But the show after that was supposed to be better. It was the St Petersburg State Puppet Theatre from Russia. These guys were supposed to be good, but I had heard that one of their previous productions (which was presented in Melbourne) was not that great. I did not hold that against them.

Not having seen much marionette work before, I enthusiastically went in, only to be surprised. Many of the audience members had fallen asleep by the end of the performance (one hour roughly), but then, many audience members did that in pretty much any performance I attended. What surprised me even more, is that while I was sure that the performance was technically impressive, what with the marionettes performing circus tricks, that seemed only possible without the strings attached, it wasn’t attention grabbing enough. Many of the sections of the show (as with ‘live’ circus, it was split into acts) were repetitive, and for the audience, awfully slow. As I said, it’s clear that the puppeteers have a challenge while performing, but from an audience’s point of view, it didn’t keep me wanting to watch. By the end, I was playing spot-the-puppeteer-behind-the-set. It also had playful yet annoying breaks between set changes, performed by actual (read: human) clowns. These were cute, but there was so many of them, it quickly got tired. I hate to say it, but this was not in my favourites. I did enjoy it on a professional level, but as a lay-person, it was not the best.

The next day, I saw another two Korean performances, one of the adventure kind, and the other of the bad-kid-turned-good. The second was quite nice, being performed by a husband and wife, and began not with the show’s storyline, but with a scenelet in the park, in which the rest of the show was set. This scenelet was performed, instead of from below, like later in the performance, but from a section cut out of the ‘hide.’ It was also operated with clear view of the puppeteers, and by the puppets natural extremities and occasional rod from the side. The way they performed was nice, with relaxed composure and a feeling of taking their time, of allowing the puppets to move them. Many of the other performances didn’t have this sense of timing, but rather moved as if constant jerky movements could make the puppet come to life. One of the few things that I have learned about puppetry is that less is more. And this couple used that theory wonderfully.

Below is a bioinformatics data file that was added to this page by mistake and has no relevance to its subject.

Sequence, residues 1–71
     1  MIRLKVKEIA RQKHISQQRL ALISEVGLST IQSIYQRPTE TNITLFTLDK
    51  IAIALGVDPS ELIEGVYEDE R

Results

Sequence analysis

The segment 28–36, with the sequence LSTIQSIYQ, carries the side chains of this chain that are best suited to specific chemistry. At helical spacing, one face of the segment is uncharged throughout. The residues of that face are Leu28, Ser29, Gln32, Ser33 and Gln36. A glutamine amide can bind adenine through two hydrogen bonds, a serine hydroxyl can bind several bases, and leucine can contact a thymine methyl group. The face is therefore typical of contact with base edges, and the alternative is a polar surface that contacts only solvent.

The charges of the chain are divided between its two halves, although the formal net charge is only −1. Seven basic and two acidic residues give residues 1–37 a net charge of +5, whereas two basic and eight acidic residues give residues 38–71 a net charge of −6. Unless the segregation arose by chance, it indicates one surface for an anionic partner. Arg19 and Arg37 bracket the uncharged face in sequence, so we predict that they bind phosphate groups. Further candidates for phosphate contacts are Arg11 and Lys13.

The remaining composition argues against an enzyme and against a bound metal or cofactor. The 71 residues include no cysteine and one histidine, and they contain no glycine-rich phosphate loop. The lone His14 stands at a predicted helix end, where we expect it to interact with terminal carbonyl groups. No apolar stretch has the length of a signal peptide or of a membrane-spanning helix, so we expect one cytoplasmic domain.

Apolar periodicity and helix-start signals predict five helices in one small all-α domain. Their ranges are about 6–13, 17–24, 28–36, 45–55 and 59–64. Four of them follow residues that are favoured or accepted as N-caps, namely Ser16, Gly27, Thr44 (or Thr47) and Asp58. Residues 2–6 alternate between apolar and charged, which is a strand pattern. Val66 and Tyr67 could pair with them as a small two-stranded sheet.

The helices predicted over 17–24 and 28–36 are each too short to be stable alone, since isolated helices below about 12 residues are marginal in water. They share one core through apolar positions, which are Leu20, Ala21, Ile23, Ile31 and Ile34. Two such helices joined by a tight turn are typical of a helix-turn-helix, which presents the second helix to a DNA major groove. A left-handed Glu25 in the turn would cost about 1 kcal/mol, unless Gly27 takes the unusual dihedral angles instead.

Then I saw a pantomime in the amphitheatre. I didn’t understand one word of it, but even pantomime is easy to follow. Suffice it to say, it was too much for the kiddies for me to enjoy it thoroughly, especially as it required following the dialogue.

My presence at the festival was becoming more and more of a public thing. I soon became introduced to most of the notable people who run the festival. Everybody was extremely welcoming, and despite the confusion of language barriers, everybody treated me with such politeness and friendliness that sometimes I forgot that I didn’t understand what they were saying.

In fact, by the time I left the festival, I had an interview with one of the local papers – well, that is to say, the reporter asked a few basic questions in English, and would then write a bit about it. I guess because I was a volunteer, I was unusual. The only other international guests were the international puppeteers, who quickly left once their shows were over, and a few audience members from the US.

The third day of the festival I saw another Korean performance – kid, or this time, fox, overcomes the evil guy. More rod puppets and suits, and more pantomime. Many of the companies overused the lighting technique ‘chase’ (when lights are flashed randomly), and by the end of this particular performance, wondered whether the audience should have been given warning, as many of the chases could have qualified as strobe lighting.

Nevertheless, I was quickly entertained by the short, yet unique Lejo. This performance was done by one man from the Netherlands. This man used a specially designed ‘hide’ – a thin, tall ‘wall’ with a little window cut out at the top. In this window, he performed using his own hands, attached with small ‘eyeballs.’ There were about three pieces, and the performance only lasted ten minutes.

Each piece was masterfully done, and reminded me of a smaller version of the woman from Italy. The hands performed magic tricks, playing an invisible piano, and general antics. The hands were amazingly infused with character, and every movement leant itself to these characters. This was so enjoyable, and so quick, that I saw it twice.